As a result, the Swift 5’s i5 and i7 versions are roughly as powerful as any laptop using these processors, including plenty of models over £1000. The ‘roughly’ bit comes into play with parts like the SSD, which is slower than some ultra-premium models. It reads at 550MB/s and writes at 390MB/s, where the fastest break 1300MB/s. Unless you’re juggling mammoth amounts of data regularly, you may not notice the difference.
The RAM is also DDR3 rather than 2133MHz DDR4, the top speed supported by the CPU.
Our review model has a Intel Core i5-7200U CPU, a dual-core chip with a 2.5GHz standard clock speed and 3.1GHz turbo boost.
It feels very responsive in general use, and can take on just about anything you like. It’ll breeze through the light Photoshopping, has the power for hobbyist video editing. In this basic performance respect, it’s comparable with 13in MacBook Pro, whose £1949 model isn’t dramatically more capable. And that uses an older processor.
You get a very good deal here. The Swift 3 scores 7424 points in Geekbench 4, and 2369 in PC Mark 8 Home, which is what we expect from a 7th Generation Core i5 laptop like this.
Don’t expect too much from its gaming abilities, though. The Swift 5 uses the Intel HD 620 GPU built into the Core i5 CPU, and while fine for older titles, it can only handle the indie games you might play on your PS4 or Xbox One, not the AAA titles.
We had to strip Alien: Isolation down to its barebones graphics settings and resolution to 720p to get a playable-ish average of 31.5fps. As you’d want to play the game, at 1080p with the effects ramped-up, the game runs at 13.6fps.
The Swift 5 struggles even more with Thief, playing at 22.7fps at 720p, min graphics. It drops to a painful 6.1fps at 1080p.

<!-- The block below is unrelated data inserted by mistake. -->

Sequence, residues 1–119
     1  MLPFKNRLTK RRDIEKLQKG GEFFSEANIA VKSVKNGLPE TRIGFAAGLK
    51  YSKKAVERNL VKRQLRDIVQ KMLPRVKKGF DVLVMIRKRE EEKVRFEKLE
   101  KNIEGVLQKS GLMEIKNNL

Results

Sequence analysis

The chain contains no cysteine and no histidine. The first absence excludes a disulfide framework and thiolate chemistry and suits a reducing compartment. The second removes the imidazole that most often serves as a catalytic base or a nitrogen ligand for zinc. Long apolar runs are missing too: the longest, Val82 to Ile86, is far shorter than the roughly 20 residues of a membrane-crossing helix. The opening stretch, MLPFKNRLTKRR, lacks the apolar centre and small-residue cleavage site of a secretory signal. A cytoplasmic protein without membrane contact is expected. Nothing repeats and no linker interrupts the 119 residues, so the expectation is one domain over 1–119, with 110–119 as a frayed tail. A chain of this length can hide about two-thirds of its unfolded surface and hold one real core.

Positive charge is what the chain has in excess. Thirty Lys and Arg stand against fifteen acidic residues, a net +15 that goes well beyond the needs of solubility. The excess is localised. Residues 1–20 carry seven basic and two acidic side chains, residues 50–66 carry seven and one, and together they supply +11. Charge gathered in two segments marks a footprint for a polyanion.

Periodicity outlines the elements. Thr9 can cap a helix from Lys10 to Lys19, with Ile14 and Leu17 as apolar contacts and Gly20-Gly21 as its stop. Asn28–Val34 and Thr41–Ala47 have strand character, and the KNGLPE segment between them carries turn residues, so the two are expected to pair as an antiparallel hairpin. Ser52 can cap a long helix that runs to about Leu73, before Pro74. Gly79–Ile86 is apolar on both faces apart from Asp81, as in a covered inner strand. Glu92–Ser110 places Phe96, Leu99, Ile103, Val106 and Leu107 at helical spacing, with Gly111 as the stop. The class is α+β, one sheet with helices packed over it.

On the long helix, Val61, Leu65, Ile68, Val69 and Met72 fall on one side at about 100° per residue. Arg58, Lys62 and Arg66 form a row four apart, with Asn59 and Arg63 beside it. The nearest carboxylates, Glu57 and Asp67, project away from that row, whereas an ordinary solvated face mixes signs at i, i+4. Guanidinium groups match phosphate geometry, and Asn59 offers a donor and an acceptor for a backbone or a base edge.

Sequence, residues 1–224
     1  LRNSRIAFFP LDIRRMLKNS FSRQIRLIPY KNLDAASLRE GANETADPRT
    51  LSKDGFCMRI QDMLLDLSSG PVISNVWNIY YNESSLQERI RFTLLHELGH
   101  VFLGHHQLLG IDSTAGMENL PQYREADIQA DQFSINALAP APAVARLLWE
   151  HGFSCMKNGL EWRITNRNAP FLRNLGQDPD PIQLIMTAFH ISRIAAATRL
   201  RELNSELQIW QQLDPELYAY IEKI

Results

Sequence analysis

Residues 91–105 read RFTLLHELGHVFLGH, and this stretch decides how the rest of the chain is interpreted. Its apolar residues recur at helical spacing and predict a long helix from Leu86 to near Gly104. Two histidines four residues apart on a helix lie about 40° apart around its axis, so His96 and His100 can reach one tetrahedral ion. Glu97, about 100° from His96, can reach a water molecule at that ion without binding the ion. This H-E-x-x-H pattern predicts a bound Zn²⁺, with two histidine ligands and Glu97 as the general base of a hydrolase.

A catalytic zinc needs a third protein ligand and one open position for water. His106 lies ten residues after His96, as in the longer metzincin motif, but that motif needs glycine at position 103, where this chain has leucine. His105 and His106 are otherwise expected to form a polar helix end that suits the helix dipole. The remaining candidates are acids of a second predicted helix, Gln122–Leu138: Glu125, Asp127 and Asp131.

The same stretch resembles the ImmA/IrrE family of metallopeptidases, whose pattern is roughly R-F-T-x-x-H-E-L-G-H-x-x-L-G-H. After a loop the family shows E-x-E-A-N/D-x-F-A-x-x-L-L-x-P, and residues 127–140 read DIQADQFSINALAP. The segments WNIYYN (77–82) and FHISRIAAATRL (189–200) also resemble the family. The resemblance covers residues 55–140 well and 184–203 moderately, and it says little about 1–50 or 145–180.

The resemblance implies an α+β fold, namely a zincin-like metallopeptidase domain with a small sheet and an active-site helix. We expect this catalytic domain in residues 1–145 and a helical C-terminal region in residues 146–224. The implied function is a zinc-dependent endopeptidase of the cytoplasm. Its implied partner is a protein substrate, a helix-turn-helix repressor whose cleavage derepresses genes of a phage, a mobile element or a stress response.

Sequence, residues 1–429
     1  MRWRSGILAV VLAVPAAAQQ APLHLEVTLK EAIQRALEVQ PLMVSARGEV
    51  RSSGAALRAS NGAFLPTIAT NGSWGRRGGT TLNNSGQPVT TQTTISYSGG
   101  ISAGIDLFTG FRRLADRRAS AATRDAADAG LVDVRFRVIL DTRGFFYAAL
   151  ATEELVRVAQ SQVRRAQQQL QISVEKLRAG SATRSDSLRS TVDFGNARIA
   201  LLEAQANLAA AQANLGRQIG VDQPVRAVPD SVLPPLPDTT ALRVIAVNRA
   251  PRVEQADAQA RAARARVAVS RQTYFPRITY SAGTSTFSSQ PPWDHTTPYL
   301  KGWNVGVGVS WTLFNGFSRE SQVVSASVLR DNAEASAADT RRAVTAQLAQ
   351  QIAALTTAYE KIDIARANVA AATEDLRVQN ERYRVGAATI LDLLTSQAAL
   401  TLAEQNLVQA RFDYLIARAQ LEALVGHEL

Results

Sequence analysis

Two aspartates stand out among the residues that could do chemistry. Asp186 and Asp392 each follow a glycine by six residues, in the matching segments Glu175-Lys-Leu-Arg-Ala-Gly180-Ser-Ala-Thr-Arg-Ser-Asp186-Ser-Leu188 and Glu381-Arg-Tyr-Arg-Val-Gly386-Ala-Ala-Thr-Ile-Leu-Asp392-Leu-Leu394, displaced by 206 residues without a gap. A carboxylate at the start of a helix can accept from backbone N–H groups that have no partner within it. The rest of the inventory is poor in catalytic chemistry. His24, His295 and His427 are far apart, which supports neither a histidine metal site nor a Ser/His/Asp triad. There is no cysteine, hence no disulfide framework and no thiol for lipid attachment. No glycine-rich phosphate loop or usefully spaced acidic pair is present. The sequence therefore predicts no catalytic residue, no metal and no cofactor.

This limited gaming power is consistent among virtually all very slim and light laptops, although Apple’s MacBook Pro models are better because they have Iris graphics chips. Iris GPUs are still made by Intel, but are more powerful. You don’t see them too often in Windows machines.
The Acer Swift 3’s fan tends to start spinning even when you’re just doing light tasks. It’s certainly not silent like the Swift 7. The fan is also has small diameter, and it looks like there’s just the one, whose outlet sits on the bottom. A small diameter means relatively high-pitch fan noise, as with most ultra-slim laptops.
We didn’t find it too annoying, but it’s worth bearing in mind if fan noise gets on your nerves. The Dell XPS 13 is quieter.
It’s a minor issue day-to-day, and is more than made up for by the great battery life. Playing a 720p video on loop at 120cd/m brightness the Acer Swift 5 lasts for 10 hours 55 minutes. That’s reasonably close to Acer’s own claim of “up to 13 hours” of use.
This is an excellent result, and is a clear sign there’s some clever power management going on behind the scenes. Pure battery capacity is very good too, though. A 53.9Wh battery is much larger than that of the 38Wh HP Spectre 13, and closer to the 60Wh of the Dell XPS 13.
This is a laptop that can comfortably get you through a day’s work as long as you don’t have to max out the brightness or do anything too CPU-taxing.
Finishing on one of the Swift 5’s few so-so elements, let’s have a look at the speakers. There’s one on the underside of each end. Comparing to our regular slightly-ageing MacBook Pro, a ‘fairly decent’ sounding laptop benchmark, the Swift 5’s speakers are reasonably loud and give a wide sound image, but the treble is a little brittle, giving off a tinny vibe. The whole sound isn’t reedy and thin, but the treble has this thin character, the impression of audio quality is at best fair.
Acer Swift 5: Specs
- 14-inch (1920 x 1080) 1080p 157ppi IPS LCD, glossy
- 2.5GHz Intel Core i5-7200U (3.1GHz boost) 2 cores, 4 threads
- Windows 10 Home 64-bit
- Intel HD 620 Graphics
- 8GB LPDDR3 RAM
- 256GB SSD
- 802.11b/g/n/ac single-band 2x2 MIMO
- Windows Hello fingerprint scanner
- Bluetooth 4.1
- 1x USB-C 3.1
- 2x USB 3.0
- SDXC card slot
- Stereo speakers
- HD webcam
- Single mic
- 3.5mm headset jack
- UK tiled keyboard with numberpad
- Two-button trackpad
- 53.9Wh lithium-ion battery, removable
- 327mm x 228 mm x 14.6mm
- 2-year return-to-base warranty